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Spring documentation advises putting the @Transactional annotation on the concrete class/method rather than the interface. The reason for this has been covered on Stack Overflow many times, eg:

Where should I put @Transactional annotation: at an interface definition or at an implementing class?

Spring Security @Secured behaviour differs; most documentation shows placing the annotation on the interface. In fact it seems to work whether you annotate the interface or the concrete class and regardless of whether you use JDK or CGLib proxies.

This seems a superior solution. So why the inconsistency? One answer to the above question suggests a performance impact... but surely performance is just as important to security?!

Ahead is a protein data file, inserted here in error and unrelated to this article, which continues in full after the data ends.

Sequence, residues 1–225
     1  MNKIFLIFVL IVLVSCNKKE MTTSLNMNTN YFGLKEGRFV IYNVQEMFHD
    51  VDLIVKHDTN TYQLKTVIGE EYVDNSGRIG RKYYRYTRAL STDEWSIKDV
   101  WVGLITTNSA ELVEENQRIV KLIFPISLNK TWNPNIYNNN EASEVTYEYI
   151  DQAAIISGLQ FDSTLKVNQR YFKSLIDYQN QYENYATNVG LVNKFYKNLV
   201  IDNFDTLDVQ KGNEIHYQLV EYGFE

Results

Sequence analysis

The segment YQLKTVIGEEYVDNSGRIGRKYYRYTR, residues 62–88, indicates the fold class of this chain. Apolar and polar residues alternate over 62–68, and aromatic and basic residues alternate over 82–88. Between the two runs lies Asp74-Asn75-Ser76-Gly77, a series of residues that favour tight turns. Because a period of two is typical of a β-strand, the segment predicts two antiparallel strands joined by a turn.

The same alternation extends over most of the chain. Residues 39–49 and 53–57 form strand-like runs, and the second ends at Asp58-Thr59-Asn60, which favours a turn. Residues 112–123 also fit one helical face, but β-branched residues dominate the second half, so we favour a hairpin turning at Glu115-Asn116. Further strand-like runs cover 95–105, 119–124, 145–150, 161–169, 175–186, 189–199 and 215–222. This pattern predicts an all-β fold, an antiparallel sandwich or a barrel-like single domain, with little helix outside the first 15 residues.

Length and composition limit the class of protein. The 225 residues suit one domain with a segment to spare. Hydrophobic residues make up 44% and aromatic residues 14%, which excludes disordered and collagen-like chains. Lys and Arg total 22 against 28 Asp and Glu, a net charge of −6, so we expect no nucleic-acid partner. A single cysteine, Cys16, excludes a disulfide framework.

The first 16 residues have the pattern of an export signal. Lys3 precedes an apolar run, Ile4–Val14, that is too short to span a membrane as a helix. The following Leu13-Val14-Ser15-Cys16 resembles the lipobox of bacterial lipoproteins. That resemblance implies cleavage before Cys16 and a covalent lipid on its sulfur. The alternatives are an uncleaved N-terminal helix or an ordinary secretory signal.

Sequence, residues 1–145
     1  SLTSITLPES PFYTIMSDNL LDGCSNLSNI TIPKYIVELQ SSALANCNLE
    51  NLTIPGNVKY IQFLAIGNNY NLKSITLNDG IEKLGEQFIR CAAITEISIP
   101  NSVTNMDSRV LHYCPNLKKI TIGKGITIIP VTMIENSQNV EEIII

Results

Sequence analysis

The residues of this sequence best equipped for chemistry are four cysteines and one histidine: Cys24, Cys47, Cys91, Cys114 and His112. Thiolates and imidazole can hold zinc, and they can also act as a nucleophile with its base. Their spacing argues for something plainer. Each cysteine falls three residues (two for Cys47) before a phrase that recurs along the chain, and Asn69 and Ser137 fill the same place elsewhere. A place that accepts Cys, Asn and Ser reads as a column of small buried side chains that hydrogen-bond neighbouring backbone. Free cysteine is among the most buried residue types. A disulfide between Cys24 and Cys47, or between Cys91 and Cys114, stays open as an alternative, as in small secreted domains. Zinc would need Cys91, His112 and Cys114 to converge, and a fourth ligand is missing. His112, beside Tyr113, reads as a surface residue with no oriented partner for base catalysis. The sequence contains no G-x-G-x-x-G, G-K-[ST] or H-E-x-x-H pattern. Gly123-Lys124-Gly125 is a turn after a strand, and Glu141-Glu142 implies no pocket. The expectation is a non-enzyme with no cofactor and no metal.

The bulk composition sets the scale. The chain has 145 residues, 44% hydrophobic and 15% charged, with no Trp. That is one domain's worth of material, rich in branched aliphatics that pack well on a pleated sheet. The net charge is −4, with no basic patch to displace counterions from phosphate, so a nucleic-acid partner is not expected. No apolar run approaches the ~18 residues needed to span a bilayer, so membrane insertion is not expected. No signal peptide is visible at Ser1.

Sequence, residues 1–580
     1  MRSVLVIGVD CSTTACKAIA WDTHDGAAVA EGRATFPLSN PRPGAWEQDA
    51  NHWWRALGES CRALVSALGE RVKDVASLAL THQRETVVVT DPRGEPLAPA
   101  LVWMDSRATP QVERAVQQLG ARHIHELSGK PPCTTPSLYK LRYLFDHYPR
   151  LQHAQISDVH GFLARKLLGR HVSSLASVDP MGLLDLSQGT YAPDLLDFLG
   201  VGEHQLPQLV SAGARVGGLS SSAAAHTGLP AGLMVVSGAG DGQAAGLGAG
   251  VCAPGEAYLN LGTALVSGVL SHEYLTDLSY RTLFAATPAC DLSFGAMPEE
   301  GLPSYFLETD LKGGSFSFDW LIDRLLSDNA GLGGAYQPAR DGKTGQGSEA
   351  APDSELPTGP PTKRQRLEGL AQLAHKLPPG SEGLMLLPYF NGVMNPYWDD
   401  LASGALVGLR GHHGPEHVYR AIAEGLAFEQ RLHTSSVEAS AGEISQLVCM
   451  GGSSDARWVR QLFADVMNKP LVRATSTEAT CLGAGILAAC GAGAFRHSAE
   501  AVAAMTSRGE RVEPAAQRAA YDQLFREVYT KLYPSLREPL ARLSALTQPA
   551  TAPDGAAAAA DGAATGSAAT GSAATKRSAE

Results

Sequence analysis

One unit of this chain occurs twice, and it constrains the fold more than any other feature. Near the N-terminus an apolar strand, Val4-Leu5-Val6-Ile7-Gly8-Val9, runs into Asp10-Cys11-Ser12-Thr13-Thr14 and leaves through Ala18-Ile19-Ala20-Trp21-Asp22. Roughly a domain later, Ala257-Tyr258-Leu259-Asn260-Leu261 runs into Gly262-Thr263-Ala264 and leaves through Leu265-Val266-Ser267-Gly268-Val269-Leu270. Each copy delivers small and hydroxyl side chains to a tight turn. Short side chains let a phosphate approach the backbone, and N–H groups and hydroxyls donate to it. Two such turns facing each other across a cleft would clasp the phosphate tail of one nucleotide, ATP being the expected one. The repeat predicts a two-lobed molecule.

And how does the @Secured solution deal with the diamond inheritance problem (class implements 2 interfaces both have @Secured same method differently)?

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up vote 3 down vote accepted

When using both JDK proxies and CGLib You end up with TransactionInterceptor for @Transactional and MethodSecurityInterceptor for @Secured.

But those two MethodInterceptors use diffrent mechanisms to find annotation on given MethodInvocation.

@Secured annotation is found by SecuredAnnotationSecurityMetadataSource using AnnotationUtils.findAnnotation(Method method, Class<A> annotationType) method, while @Transactional is discovered by AnnotationTransactionAttributeSource with help of SpringTransactionAnnotationParser.

It looks like AnnotationUtils have much more advanced mechanisms of finding annotations, seraching both the interfaces and the method declaring class hierarchy.

You could create Your own TransactionAnnotationParser that uses AnnotationUtils and this should enable same functioanlity to @Transactional.

AnnotationUtils returns the first found annotation, so that's how diamond inheritance is dealt with.

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